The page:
The European Parliament on Tuesday narrowly rejected a ban on bottom-fishing trawlers, blamed by environmentalists for massive deep-sea destruction but defended by France and Spain.
Lawmakers voted down the ban by 342 votes to 326, backing a compromise motion by the main Conservative and Socialist groups to regulate the sector more closely so as to protect vulnerable habitats.
Bottom fishing with heavy trawl nets scoops up everything on the seabed, a practice environmentalists say destroys fragile ecosystems such as coral reefs which are home to a wide variety of species and essential breeding grounds.
It is used mainly by French and Spanish boats off the Scottish and Irish coasts in waters up to 1,500 metres (5,700 feet) deep.
EU Fisheries Commissioner Maria Damanaki had sought a ban in the Northeast Atlantic beginning in two years time but parliament's fisheries commission recommended instead it should be stopped only in areas identified by the Commission as especially vulnerable.
Green French MEP Jean-Paul Besset deplored the outcome, saying that "as other marine resources are run down, the logic of always more, further out, deeper won the day."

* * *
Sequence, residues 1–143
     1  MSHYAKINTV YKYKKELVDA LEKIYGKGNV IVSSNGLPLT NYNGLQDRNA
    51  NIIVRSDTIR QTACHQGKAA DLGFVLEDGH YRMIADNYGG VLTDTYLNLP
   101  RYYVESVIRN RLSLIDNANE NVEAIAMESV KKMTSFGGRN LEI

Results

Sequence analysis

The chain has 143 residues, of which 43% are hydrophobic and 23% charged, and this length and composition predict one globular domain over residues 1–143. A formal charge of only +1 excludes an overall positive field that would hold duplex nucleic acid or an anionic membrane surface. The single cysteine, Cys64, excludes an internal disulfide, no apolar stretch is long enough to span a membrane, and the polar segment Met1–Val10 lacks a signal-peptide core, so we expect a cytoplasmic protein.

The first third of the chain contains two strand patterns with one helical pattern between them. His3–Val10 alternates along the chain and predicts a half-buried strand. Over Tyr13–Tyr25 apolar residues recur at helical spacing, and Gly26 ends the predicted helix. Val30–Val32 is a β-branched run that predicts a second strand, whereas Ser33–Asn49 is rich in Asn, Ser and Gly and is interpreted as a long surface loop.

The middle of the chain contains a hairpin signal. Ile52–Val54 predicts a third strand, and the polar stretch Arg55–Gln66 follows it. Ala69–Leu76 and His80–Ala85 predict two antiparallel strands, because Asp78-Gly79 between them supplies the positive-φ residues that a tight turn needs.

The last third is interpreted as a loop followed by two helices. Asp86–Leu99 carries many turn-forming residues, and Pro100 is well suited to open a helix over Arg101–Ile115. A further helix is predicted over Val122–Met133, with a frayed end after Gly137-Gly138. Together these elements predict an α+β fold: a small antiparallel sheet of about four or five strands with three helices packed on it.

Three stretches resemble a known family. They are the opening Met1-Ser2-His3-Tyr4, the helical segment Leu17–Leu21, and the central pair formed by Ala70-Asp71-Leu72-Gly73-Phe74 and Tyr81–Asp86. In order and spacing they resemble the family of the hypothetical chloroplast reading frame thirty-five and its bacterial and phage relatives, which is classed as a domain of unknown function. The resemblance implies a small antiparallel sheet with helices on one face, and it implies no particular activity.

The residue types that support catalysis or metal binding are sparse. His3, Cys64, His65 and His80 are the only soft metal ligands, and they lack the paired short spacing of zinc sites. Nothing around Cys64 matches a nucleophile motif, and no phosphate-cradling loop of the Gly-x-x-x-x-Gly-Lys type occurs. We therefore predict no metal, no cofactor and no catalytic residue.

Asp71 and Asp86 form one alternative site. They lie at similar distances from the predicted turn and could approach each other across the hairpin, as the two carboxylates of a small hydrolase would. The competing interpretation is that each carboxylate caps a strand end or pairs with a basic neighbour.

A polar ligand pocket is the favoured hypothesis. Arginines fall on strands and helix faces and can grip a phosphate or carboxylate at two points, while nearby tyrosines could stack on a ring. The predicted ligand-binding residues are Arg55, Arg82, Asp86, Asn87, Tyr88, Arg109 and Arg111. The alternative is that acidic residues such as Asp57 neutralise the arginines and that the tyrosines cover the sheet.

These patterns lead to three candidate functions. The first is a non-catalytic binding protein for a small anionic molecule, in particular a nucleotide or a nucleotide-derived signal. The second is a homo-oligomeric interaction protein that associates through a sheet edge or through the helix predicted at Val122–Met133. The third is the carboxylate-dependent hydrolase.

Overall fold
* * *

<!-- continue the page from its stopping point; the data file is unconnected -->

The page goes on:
Environment group Greenpeace said the vote showed that parliament was "at best half-hearted" in its approach.
"It is astonishing that subsidised fishing vessels can continue to plough the seafloor with monster nets that crush everything in their path," it said in a statement.
"Without subsidies, deep-sea trawling would be unprofitable," it said, noting that while relatively "few fishermen in France, Spain and Portugal specialise in deep-sea fishing with trawls ... their impact is disproportionately large."
The Blue Fish Europe industry group for its part welcomed the vote, saying it would help protect fishermen's jobs as well as the environment.
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